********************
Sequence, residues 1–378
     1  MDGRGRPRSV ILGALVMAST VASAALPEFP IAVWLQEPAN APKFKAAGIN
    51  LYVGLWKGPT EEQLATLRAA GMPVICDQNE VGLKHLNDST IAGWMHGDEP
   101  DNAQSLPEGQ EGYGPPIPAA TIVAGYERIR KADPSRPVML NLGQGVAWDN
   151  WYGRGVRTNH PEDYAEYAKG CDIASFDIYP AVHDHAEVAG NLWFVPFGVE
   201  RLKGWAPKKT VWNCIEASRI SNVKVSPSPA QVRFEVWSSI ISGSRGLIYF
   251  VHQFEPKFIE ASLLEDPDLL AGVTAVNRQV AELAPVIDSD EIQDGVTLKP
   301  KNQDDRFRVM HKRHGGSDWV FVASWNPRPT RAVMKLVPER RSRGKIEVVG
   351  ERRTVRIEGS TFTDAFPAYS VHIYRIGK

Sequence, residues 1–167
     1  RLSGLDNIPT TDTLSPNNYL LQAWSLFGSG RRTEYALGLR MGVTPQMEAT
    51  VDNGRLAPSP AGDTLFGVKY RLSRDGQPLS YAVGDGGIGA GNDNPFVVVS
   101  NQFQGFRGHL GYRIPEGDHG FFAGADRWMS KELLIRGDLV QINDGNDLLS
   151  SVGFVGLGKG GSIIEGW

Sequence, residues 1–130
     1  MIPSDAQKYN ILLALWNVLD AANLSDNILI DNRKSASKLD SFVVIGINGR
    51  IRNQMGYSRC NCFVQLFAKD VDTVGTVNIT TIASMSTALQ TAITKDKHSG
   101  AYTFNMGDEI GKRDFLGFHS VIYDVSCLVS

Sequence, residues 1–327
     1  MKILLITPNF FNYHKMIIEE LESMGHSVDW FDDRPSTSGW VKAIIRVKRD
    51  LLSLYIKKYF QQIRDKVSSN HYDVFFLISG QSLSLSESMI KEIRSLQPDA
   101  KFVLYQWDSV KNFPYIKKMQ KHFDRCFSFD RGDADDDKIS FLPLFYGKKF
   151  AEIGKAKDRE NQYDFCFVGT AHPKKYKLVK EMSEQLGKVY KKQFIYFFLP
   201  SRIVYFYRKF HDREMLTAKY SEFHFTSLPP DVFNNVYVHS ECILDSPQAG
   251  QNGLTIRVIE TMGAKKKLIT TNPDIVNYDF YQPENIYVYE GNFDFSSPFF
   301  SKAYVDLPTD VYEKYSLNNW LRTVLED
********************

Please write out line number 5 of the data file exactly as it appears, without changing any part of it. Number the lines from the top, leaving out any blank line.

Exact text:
   151  WYGRGVRTNH PEDYAEYAKG CDIASFDIYP AVHDHAEVAG NLWFVPFGVE